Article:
Tuesday, July 1, 2014

Boston Red Sox

Few places are more iconic than Fenway Park. It is THE oldest baseball stadium in the United States. It is one of those parks that is part of the city it calls home. It is built into the neighborhood in which it is situated and is as much of a tourist attraction as it is a baseball venue. If you find yourself in Boston and only time for one thing to do, see  Red Sox game at Fenway. It is about as good as it is going to get for a baseball fan.

But not so much for a hot dog explorer in search for the perfect baseball/hot dog experience. While Fenway scores well, just like Wrigley I was surprised at how factors can drag the score down. As far as ambiance it is a “wicked pissah” (thanks Karen for the translation), but as the crime families say, “if you wanna taste, you gotta pay.” And I forked over $30 for the privilege to sit in a seat with an obstructed view. Not the $45 for the standing room only I paid in St Louis (no, St Louis, I have not forgotten) but that is kinda steep to see any team. Even if the visiting Cubs did come within an inning of tossing a no-hitter.

The ballpark itself is an absolute purist’s dream. Made of red brick and pale green steel girders it sports a double decker grandstand. The upper deck is supported by tall I-beams jutting out of the lower grandstand (and the cause of my obstructed view). Some of the seats are the old wooden type and there is the famous “Green Monster” left field wall. It has on old-style out of town scoreboard and if you took out the light towers you would feel like you were at a game in 1912...well, you’d have to take out the jumbotron as well, and the LCD TV monitors, but you get the picture. Things seem to go really great for this park until about the third inning. That’s when you get up from your seat to get a dog.

Bun-what the hell is it with this New England style bun? It looks like a slice of Wonder bread curled around a wiener. FYI the crust is crucial in keeping the bun from mashing when you hold it. I know, it’s a tradition...one we could do without. But I am a sucker for old school so I still give it a 4.5.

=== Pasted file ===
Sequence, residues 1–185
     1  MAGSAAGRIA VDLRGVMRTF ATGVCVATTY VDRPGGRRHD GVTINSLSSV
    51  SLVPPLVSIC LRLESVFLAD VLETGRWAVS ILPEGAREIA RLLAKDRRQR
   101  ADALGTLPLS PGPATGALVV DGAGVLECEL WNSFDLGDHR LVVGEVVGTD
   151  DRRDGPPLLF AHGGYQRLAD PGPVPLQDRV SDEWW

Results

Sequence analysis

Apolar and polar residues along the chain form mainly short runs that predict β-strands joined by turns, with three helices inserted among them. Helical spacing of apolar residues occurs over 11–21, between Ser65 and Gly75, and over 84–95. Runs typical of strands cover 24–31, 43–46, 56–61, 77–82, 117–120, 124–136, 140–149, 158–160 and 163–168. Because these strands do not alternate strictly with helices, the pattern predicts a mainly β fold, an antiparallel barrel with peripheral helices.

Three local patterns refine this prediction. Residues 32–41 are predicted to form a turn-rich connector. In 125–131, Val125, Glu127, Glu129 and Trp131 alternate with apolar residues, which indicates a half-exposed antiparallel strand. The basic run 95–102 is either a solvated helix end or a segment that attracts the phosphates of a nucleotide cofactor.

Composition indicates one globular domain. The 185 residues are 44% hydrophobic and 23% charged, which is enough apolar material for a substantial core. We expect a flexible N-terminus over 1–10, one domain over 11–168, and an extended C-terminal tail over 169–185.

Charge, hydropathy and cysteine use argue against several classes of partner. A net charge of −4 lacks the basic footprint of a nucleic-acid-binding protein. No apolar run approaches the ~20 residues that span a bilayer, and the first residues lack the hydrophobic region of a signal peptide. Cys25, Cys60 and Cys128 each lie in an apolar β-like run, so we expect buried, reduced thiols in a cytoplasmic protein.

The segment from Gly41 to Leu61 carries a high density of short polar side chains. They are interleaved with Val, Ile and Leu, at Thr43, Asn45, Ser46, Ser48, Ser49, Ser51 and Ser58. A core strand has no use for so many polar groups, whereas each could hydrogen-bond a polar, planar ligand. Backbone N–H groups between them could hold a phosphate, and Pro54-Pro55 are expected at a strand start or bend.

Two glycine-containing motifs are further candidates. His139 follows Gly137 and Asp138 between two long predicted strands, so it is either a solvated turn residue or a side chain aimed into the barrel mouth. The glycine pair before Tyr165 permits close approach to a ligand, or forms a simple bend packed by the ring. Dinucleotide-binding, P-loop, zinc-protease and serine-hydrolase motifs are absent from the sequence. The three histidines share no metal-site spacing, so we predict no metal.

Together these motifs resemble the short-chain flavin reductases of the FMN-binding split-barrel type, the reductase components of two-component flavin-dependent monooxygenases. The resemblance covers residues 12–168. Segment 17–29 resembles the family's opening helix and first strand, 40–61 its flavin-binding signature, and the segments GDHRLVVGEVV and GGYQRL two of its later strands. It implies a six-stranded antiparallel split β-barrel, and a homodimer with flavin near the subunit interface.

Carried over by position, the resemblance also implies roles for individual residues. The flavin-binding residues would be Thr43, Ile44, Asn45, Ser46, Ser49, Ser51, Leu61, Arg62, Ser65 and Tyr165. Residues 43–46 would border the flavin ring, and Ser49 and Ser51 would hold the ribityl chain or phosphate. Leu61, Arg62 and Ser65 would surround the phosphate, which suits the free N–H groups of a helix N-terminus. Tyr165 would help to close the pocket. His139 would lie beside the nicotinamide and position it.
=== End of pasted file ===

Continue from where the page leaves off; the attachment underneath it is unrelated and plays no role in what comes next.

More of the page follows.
Taste-the Kayem frank was really the only good thing about the dog. They could have just put it on a stick and I would have been happy.
Toppings-mustard, and both dispensers were faulty. At least it was brown mustard. And the relish was IN PACKETS. This is the MLB Boston….lose the packets. And get some condiments on the table.
Price-considering it was Boston I was floored that the dog was only $5. They must cut cost by cutting the toppings.
Portability-a thin paper wrapper and a cardboard box. Not efficient or green but it does a good job.
It Factor-despite its shortcomings the Fenway Frank is famous. Famous gets people to eat you and earns points.

Location-a fixture of the city of Boston.
Access-many modes to get to the park. And very walkable.
GA Ticket Price-for $30 I want the usher to give me a 20 minute foot rub. He didn’t.
Cleanliness-hard to keep a stadium that is over 100 years old in tip top shape, but it’s decent.
Fans-sold out and very into the game. Top score.
Ambiance-It’s Fenway, need you ask?

DogBallparkTotal Dog/Game
Portability5GA Ticket Price2
It Factor3.5Fans5

In short, it is one of the best places you can watch the game of baseball. I have been to Fenway for three games, and each one was special….for more than one reason. You hear me speak of a ballpark’s “vibe”, Fenway’s vibe is measured on the Richter Scale. What I would recommend is buy one of the savory sausages on the street just outside the park before coming in. Those are real encased meaty goodness; on a real bun. I’d leave the Fenway Franks to the tourists.

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